These thesis projects were created by fourth-year undergraduates in the Visual Studies program.
Textile waste (silk, satin, cotton, tulle, wool), balikbayan box
Throughout her final year at the Daniels Faculty, Bethea Ramos explored the use of textile and material waste through a variety of assemblage methods. For her final thesis work, Bethea's goal was to create the Philippine national costume using found/thrifted material. The piece is entirely hand sewn, with little sewing knowledge and skill. The final installation shows the finished work surrounded by the waste from which it came, as well as the waste it created post-production. The piece highlights the importance of environmental awareness and the need to change current consumer habits. This work is the result of cumulative research, firsthand experiences working in retail, and visits to the “ukay ukay” markets in the Philippines.
have you ever seen the wind?
Approx. 200cm x 130cm
As a Chinese person who has been in Canada without the company of her family since the age of 15, Yuming He is interested in differences: variation within cultures, confusions and privileges caused by languages, how experience affects choice and understandings, and the double-sidedness of relation. She grounds her practice in installation, photography, artist multiples, and publications. Manufacturing heavily influences these works, from industrial processes, to digital user-driven making, to more traditional analogue applications. Recently, Yuming has started working with weaving to critique other manufacturing processes. Inherently double-sided, the care and time required by this medium act as a metaphor for her concerns around difference and relation. Weaving requires one to look closely, activating both sense and sensitivity. Inspired by a family owned thangka — a Tibetan Buddhist painting on textile — have you ever seen the wind? depicts the parallel between the wind that shapes the environment and the memories that shape each of us.
Rid of tactility, Meech Boakye attempts to engage in closeness through the internet. The website — an ongoing, interactive desktop of thoughts, research and documented decomposing objects — allows for curious engagement while maintaining a distance, mirroring the experience of the uncanny these objects are intended to evoke.
Installation with augmented reality
Sharon writes: "This is a journey of Solaire. A fool, who dares to believe something greater. The work Solaire is a series of installations inhabited by digital animations. The installation offers a coincidence between the virtual and the material by using holographic illusions and augmented drawings. It offers an ensemble of improbable scenarios, and plays with the boundaries between true and false, the animate and the inanimate, the authentic and the deceptive, the magical, the wondrous, and the indescribable. My hope is that this new format creates a continuous feeling of an imaginary digital world tightly building upon our real world. It's an augmented reality art exhibition that feels personal — that’s not all about the technology, but about the experience itself."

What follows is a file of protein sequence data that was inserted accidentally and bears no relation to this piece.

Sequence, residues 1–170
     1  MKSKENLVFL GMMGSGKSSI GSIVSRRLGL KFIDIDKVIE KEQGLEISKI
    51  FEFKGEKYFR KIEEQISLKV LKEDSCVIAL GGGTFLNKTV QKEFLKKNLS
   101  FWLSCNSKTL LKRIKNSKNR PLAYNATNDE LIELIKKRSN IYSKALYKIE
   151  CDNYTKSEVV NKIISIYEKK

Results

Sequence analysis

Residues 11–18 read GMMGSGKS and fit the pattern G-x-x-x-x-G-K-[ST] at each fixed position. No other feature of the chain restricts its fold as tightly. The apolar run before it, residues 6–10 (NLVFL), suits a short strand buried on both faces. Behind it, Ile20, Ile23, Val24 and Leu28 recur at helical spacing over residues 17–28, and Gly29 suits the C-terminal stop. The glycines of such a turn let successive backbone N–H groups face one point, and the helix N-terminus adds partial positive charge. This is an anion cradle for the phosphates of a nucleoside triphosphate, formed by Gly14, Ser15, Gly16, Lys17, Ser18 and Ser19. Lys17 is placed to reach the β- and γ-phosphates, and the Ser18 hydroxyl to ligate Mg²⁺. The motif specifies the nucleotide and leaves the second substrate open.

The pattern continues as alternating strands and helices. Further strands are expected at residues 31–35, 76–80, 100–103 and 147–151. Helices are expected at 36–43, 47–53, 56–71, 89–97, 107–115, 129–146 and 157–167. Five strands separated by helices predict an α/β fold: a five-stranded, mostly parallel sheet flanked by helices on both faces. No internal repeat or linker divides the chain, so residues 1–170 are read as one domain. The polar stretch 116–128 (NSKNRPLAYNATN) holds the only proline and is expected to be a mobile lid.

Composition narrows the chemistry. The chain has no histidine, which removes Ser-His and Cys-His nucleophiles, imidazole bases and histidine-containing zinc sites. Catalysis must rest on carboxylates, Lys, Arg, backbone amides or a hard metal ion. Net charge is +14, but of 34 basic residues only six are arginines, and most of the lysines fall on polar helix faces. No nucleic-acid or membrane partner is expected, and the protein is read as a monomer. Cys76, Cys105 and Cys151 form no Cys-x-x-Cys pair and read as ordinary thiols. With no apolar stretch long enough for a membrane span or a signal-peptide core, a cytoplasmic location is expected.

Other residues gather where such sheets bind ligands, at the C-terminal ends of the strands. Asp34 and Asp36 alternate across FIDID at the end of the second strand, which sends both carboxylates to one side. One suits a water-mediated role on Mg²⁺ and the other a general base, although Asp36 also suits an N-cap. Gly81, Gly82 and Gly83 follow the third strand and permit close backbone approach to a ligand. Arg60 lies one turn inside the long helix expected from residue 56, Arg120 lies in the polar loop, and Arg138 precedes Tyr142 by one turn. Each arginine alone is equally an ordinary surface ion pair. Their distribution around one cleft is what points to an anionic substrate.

Two-channel video installation
Eden writes: "Within my practice, I have attempted to unpack the ways in which my body is demonized, othered, and 'abjectified' through cultural and religious means, as well as how my identity as this 'abjected' or othered form can be materialized through photography, film, and instillation. My work has centred around ideas that illustrate and recount processes of looking into or at my own body, while at the same time moving away from myself and into image. Through processes of self-reflection, self-commemoration, and physical self-exploration, I have attempted to materialize and at times embody this idea of abject or other, through an exploration of the fragmentation of my body in still and moving image.
"Over the course of the year, my thesis work explored tensions between discourses and regulations placed on my body as a woman, with distinct visual representations of my physical self in still and moving image. In specific, my final work materialized this tension through an investigation into my identity as a Jewish woman, and the abjection and demonization I feel Jewish women face in the laws of “niddah” or family purity, specifically the ritual practice of immersion in the mikvah. A mikvah is a ritual bath, filled with rainwater, used for a variety of 'transformative' purposes, including conversion, immersing newly acquired kitchen utensils, preparation of the body for burial, for women after childbirth, and monthly after their menstrual cycle. My final film placed my visceral body, my material body, what is supposed to be 'abjected' according to Jewish law, externalized and in the viewing space, and contrasted with the strict building codes and conventions prescribed in building the actual mikvah bath. In pairing my 'unacceptable,' 'impure' bodily form with the 'acceptable' and 'pure' structured form of the mikvah, my work seeks to highlight and materialize the departure of my body from the bounds and confines of impurity and abject."